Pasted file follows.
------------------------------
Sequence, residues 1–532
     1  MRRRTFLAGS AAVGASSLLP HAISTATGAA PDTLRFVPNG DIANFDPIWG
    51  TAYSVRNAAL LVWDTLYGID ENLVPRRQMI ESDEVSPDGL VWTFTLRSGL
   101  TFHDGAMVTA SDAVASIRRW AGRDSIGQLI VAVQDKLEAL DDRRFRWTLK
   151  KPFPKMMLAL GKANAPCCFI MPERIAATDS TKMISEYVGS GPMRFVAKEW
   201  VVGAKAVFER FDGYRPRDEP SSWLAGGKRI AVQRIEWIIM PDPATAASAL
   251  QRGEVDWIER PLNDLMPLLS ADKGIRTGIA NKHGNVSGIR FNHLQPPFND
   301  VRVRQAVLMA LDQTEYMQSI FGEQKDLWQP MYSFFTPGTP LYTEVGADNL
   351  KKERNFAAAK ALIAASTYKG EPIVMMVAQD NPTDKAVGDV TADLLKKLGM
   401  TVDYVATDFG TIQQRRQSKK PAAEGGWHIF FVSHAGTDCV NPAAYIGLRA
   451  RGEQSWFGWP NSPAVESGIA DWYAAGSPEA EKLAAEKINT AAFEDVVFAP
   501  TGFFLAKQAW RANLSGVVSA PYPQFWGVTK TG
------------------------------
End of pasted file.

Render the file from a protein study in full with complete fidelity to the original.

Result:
Sequence, residues 1–532
     1  MRRRTFLAGS AAVGASSLLP HAISTATGAA PDTLRFVPNG DIANFDPIWG
    51  TAYSVRNAAL LVWDTLYGID ENLVPRRQMI ESDEVSPDGL VWTFTLRSGL
   101  TFHDGAMVTA SDAVASIRRW AGRDSIGQLI VAVQDKLEAL DDRRFRWTLK
   151  KPFPKMMLAL GKANAPCCFI MPERIAATDS TKMISEYVGS GPMRFVAKEW
   201  VVGAKAVFER FDGYRPRDEP SSWLAGGKRI AVQRIEWIIM PDPATAASAL
   251  QRGEVDWIER PLNDLMPLLS ADKGIRTGIA NKHGNVSGIR FNHLQPPFND
   301  VRVRQAVLMA LDQTEYMQSI FGEQKDLWQP MYSFFTPGTP LYTEVGADNL
   351  KKERNFAAAK ALIAASTYKG EPIVMMVAQD NPTDKAVGDV TADLLKKLGM
   401  TVDYVATDFG TIQQRRQSKK PAAEGGWHIF FVSHAGTDCV NPAAYIGLRA
   451  RGEQSWFGWP NSPAVESGIA DWYAAGSPEA EKLAAEKINT AAFEDVVFAP
   501  TGFFLAKQAW RANLSGVVSA PYPQFWGVTK TG